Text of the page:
The following solutions from G Data and Seqrite had problems detecting 21 and 22 malware threats respectively, of which already 4 of the attackers each were 0-Day malware.
The free protection module from Microsoft, the System Center Endpoint Protection, failed to detect 51 attackers. For Sophos and Avast, the number of undetected malware samples already reached 107 and 190. The product from Palo Alto Networks was unable to block 287 attacks.
AV-TEST – Storehouse institute for 700 million viruses of all kinds
In the AV-TEST databases, over 700 million malware samples have already been registered and catalogued.
The independent testing of antivirus products would never function objectively if the institute only received the malware samples from the manufacturers. That is why over the past 15 years, AV-TEST has been collecting malware samples on the web, analyzing and grouping them in categories. To do so, AV-TEST uses honeypot systems, among others. These contain vulnerable versions of Windows and other standard applications. The objective is to allow them to be infected by malware and then to analyze them in real time. These PCs accept everything that can be found on the Internet: such as infected websites or links to malicious files. In addition, AV-TEST uses many email accounts intended to collect as much spam as possible. These incoming spam and phishing emails have malware in tow or try to send the user via a link to a malicious website.
The lab also uses various search engines and social media services such as Twitter as additional sources to ferret out malware: every day, the experts search with the help of popular keywords in various search engines. The findings are then analyzed and links to malicious websites are logged. In addition, on behalf of users, the lab also checks interesting Twitter feeds containing links. They are tracked and the target address is evaluated. In this manner, the lab examines each day over 400,000 hits from search engines and over 1 million Twitter feeds.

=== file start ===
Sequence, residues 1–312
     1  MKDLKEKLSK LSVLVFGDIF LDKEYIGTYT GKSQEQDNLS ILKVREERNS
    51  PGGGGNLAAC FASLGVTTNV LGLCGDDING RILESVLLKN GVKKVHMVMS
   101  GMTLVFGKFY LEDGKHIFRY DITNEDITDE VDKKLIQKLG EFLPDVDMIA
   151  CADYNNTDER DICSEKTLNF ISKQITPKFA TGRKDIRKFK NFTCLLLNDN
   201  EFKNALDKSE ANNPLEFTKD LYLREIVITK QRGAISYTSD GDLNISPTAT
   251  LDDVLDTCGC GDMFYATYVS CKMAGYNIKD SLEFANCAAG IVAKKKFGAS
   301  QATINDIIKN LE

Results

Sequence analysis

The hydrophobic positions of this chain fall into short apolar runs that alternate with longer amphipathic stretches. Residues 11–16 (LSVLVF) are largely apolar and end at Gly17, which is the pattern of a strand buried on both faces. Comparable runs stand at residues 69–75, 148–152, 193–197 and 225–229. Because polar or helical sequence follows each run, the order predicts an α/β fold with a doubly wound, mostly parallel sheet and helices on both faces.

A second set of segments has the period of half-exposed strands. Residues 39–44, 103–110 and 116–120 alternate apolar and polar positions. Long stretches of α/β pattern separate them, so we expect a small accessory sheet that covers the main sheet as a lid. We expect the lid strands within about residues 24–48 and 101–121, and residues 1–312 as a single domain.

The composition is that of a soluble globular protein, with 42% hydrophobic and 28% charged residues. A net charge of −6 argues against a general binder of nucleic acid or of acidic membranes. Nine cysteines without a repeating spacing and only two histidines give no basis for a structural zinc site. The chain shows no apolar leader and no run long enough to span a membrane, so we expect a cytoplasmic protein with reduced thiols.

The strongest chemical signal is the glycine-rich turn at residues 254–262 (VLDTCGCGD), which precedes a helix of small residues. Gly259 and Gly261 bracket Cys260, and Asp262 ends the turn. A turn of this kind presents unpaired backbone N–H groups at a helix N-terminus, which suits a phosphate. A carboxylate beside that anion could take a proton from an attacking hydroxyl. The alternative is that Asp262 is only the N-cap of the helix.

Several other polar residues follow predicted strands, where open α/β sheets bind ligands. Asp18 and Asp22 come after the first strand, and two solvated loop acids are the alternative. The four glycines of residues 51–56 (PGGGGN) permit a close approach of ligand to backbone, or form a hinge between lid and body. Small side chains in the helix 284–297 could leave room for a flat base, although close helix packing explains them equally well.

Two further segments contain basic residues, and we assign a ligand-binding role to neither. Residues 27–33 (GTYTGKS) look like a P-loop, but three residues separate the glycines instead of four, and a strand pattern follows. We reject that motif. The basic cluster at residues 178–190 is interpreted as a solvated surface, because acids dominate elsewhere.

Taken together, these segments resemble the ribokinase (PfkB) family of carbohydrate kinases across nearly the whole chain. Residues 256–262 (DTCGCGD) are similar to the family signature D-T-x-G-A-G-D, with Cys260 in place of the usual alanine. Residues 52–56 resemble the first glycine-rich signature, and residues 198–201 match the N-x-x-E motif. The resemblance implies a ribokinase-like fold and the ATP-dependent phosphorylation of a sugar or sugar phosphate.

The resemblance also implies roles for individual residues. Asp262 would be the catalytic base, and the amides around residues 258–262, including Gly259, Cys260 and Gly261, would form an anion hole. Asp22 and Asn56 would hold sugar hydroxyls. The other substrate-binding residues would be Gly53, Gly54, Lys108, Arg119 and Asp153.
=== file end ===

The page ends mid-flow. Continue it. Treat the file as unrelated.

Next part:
The number of discovered malware samples per month is rapidly increasing: in 2007, it was still roughly 500,000, however in 2017, roughly 10 million samples per month were added. That is a growth rate by a factor of 20. In total, there are more than 700 million files. AV-TEST has not only registered all these malware versions but also saved them as samples. After all, some of the very latest attackers end up in the set for the real-world test, whereas a select group of the samples up to a maximum of two weeks old are used in the test as a reference set.